The UK lost four or five times as many men in the brutal campaign as its imperial Anzac contingents. The French also lost more men than the Australians.
The Aussies and Kiwis commemorate Gallipoli ardently, and understandably so, as their casualties do represent terrible losses both as a proportion of their forces committed and of their small populations.
7. Tactics on the Western Front remained unchanged despite repeated failure
It was a time of extraordinary innovation. Never have tactics and technology changed so radically in four years of fighting. In 1914 generals on horseback galloped across battlefields as men in cloth caps charged the enemy without the necessary covering fire. Both sides were overwhelmingly armed with rifles. Four years later, steel-helmeted combat teams dashed forward protected by a curtain of artillery shells.
They were now armed with flame throwers, portable machine-guns and grenades fired from rifles. Above, planes, which in 1914 would have appeared unimaginably sophisticated, duelled in the skies, some carrying experimental wireless radio sets, reporting real-time reconnaissance.
Huge artillery pieces fired with pinpoint accuracy – using only aerial photos and maths they could score a hit on the first shot. Tanks went from the drawing board to the battlefield in just two years.
8. No-one won
Swathes of Europe lay wasted, millions were dead or wounded. Survivors lived on with severe mental trauma. Even most of the victorious powers were bankrupt. It is odd to talk about winning.
However, in a narrow military sense, the UK and its allies convincingly won. Germany’s battleships had been bottled up by the Royal Navy until their crews mutinied.
Germany’s army collapsed as a series of mighty allied blows scythed through supposedly impregnable defences.
By late September 1918 the German emperor and his military mastermind Erich Ludendorff admitted that there was no hope and Germany must beg for peace. The 11 November Armistice was essentially a German surrender.
Unlike Hitler in 1945, the German government did not insist on a hopeless, pointless struggle until the allies were in Berlin – a decision that saved countless lives, but was seized upon later to claim Germany never really lost.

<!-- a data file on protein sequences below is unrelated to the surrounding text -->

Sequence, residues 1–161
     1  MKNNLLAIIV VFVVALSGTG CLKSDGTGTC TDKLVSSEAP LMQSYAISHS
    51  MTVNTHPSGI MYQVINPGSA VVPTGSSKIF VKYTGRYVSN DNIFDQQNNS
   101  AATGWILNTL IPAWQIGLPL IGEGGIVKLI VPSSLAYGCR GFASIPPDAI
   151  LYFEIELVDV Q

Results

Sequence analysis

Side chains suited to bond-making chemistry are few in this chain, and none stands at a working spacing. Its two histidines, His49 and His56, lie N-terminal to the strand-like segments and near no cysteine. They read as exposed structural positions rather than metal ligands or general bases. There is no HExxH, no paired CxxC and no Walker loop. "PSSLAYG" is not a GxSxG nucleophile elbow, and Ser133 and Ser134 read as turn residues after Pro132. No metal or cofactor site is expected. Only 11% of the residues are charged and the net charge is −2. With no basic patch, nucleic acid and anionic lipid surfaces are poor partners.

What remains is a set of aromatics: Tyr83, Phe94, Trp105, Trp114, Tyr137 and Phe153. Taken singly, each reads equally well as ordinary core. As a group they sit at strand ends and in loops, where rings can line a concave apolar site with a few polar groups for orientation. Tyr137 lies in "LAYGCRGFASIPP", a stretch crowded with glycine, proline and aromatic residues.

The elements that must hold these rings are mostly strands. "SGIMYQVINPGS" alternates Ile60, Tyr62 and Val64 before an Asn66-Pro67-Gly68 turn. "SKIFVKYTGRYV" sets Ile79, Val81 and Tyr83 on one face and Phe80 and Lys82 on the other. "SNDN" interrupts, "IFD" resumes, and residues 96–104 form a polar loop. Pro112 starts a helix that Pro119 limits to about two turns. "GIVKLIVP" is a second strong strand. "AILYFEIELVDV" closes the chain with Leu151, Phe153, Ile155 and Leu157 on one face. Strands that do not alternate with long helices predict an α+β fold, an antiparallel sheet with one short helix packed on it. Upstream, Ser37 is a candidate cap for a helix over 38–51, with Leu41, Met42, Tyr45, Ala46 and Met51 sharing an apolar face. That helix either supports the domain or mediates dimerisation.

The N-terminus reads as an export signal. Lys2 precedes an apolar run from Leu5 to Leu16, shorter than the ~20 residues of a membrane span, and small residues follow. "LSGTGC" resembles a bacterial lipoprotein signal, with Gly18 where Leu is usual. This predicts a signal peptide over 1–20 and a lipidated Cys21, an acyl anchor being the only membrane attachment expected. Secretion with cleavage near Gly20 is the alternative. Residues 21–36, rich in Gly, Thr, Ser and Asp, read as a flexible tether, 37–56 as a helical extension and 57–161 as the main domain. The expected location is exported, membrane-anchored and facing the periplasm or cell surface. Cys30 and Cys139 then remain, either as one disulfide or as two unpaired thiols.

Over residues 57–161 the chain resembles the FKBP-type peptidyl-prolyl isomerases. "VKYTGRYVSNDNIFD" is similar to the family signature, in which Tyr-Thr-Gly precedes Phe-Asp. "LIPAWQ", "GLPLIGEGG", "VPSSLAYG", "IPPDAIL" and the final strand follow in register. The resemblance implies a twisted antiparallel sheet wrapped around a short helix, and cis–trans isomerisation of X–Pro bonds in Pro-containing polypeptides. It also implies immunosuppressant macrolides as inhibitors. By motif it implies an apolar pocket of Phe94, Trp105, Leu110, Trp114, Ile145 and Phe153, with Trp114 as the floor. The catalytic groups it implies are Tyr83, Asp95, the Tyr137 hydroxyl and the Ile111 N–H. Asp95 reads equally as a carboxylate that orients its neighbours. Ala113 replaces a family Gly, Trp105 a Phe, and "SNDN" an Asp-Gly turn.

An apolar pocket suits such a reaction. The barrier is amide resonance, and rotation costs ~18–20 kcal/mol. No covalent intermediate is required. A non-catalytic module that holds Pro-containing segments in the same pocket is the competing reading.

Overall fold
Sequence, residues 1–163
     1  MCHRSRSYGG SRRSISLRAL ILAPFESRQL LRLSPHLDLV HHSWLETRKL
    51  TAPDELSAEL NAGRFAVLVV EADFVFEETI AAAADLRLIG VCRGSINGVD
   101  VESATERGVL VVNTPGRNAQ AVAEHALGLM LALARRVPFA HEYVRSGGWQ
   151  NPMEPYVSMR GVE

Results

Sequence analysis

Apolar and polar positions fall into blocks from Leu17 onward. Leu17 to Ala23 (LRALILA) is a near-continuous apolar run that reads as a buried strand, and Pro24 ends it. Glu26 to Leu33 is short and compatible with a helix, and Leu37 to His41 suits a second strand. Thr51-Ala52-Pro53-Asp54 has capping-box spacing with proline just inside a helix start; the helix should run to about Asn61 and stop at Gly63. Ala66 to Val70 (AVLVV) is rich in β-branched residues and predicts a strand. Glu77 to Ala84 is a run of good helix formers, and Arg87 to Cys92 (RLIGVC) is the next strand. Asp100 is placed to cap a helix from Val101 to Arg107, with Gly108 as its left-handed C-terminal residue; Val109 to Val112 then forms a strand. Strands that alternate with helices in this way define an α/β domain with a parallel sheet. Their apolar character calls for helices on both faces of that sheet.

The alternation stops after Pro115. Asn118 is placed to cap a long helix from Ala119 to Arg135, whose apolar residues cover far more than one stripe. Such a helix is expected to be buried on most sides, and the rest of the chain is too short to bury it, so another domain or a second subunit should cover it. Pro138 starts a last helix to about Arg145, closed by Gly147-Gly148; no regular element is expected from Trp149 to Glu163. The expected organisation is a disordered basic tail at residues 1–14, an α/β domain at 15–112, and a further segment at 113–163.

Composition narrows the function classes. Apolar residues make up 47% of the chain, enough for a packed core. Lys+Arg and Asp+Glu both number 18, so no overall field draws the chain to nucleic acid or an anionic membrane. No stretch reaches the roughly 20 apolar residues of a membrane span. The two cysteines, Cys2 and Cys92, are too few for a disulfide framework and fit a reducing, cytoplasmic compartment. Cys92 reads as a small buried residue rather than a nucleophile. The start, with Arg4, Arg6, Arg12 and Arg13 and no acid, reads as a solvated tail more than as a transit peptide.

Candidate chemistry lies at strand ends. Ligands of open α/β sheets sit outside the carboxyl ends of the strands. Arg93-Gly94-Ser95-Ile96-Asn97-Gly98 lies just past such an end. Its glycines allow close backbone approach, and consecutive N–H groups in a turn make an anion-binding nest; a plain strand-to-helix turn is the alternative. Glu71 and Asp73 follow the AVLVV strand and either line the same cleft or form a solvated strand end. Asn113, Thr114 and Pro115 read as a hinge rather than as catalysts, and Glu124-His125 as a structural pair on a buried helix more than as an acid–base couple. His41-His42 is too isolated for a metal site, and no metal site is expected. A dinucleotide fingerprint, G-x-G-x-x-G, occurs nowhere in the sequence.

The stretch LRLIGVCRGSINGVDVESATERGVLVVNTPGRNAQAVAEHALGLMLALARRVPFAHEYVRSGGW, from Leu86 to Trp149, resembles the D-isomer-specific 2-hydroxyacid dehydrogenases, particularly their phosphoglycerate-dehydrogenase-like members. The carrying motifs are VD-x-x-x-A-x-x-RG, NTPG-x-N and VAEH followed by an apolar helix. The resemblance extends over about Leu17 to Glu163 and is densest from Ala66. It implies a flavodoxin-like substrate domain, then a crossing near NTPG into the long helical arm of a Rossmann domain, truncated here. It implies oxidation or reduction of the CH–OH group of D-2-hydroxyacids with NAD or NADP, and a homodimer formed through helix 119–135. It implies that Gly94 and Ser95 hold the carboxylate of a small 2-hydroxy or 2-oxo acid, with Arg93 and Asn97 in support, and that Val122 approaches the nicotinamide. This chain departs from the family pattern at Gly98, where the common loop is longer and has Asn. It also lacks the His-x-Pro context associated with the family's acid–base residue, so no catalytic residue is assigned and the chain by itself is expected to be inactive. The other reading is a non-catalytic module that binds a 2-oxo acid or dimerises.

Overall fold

9. The Treaty of Versailles was extremely harsh
The Treaty of Versailles confiscated 10% of Germany’s territory but left it the largest, richest nation in central Europe.
It was largely unoccupied and financial reparations were linked to its ability to pay, which mostly went unenforced anyway.
The treaty was notably less harsh than treaties that ended the 1870-71 Franco-Prussian War and World War Two. The German victors in the former annexed large chunks of two rich French provinces, part of France for between 200 and 300 years, and home to most of French iron ore production, as well as presenting France with a massive bill for immediate payment.
After World War Two, Germany was occupied, split up, its factory machinery smashed or stolen and millions of prisoners forced to stay with their captors and work as slave labourers. Germany lost all the territory it had gained after Wolrd War One and another giant slice on top of that.
Versailles was not especially harsh but was portrayed as such by Hitler, who sought to create a tidal wave of anti-Versailles sentiment on which he could then ride into power.
10. Everyone hated it
Like any war, it all comes down to luck. You may witness unimaginable horrors that leave you mentally and physically incapacitated for life, or you might get away without a scratch. It could be the best of times, or the worst of times, or neither.
Some soldiers even enjoyed World War One. If they were lucky they would avoid a big offensive, be posted somewhere quiet where conditions might be better than at home.
For the British there was meat every day – a rare luxury back home – cigarettes, tea and rum, part of a daily diet of more than 4,000 calories.
Remarkably, absentee rates due to sickness, an important barometer of a unit’s morale, were hardly above those of peacetime. Many young men enjoyed the guaranteed pay, the intense comradeship, the responsibility and a much greater sexual freedom than in peacetime Britain.
“I adore war. It is like a big picnic but without the objectivelessness of a picnic. I have never been more well or more happy.” – Captain Julian Grenfell, British war poet
‘I have never seen the boy look so happy in his 17 1/2 years of life.’ – Joseph Conrad on his son.